If you do notice an error, have your broker file a claim to correct the problem. This does not need to be the same broker that filed your original entry. A claim is filed on Form B2 and is presented by your broker to the Customs office for review where it is typically approved in 90 days or less. A B2 has the effect of changing the recorded status of the original entry wherever there is a mistake–whether revenue is owed or not.

As a final word, not all audits are bad. In many cases, you may be overpaying on your customs entries and be due a refund from the CBSA. However, it is not the policy of the CBSA to investigate cases where revenue is owing or neutral, so let this be motivation to stay vigilant.

Common Customs Delays and How to Prevent Them

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75% of all cargo imported into Canada is cleared without hesitation. The rest is usually held because of an error in the shipper’s paperwork. However minor it may seem that an urgent shipment of replacement goods are held up because of an invoice omission, there is a method to the madness. Here is a list of  the most common errors and how to avoid them.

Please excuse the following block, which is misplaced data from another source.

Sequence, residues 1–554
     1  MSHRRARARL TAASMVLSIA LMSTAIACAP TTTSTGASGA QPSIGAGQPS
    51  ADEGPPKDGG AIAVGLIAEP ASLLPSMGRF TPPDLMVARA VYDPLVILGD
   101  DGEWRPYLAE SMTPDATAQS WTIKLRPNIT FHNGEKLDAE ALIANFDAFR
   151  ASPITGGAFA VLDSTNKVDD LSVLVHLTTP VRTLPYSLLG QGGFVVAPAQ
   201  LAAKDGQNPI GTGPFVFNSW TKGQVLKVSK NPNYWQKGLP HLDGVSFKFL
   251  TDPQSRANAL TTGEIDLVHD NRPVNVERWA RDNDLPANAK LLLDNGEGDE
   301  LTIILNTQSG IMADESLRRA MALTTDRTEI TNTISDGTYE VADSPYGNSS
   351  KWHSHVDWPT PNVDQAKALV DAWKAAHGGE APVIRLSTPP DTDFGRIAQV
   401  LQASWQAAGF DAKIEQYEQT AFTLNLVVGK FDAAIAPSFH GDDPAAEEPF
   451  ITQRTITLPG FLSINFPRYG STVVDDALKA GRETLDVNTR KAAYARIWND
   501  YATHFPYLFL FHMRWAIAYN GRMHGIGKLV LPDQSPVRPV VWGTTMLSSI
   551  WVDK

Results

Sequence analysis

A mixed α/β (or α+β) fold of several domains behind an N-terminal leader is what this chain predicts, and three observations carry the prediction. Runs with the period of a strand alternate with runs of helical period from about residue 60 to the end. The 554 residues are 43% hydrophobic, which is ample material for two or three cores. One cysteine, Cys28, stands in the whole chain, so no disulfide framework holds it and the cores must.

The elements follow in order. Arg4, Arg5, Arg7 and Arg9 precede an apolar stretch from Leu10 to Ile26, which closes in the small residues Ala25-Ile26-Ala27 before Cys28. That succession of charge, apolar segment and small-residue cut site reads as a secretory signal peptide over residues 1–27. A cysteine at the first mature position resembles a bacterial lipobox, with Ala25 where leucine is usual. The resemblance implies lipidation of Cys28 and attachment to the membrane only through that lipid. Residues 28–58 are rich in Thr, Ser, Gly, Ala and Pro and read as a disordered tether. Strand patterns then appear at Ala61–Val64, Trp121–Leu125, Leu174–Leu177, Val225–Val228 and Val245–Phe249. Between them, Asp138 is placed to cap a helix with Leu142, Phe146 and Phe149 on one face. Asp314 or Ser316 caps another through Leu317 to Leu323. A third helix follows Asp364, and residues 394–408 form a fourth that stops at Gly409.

1. You are not on the invoice

This one is definitely not your fault as the importer and there is not much you can do to prevent it. Often the company you are buying from will ‘drop ship’ your order through a distributor or manufacturer. The manufacturer will ship the goods to Canada but bill the order to the person selling you the goods, causing chaos at the border.

Can you spot the problems on this invoice? Customs certainly will.

2. The description of what you are importing is too vague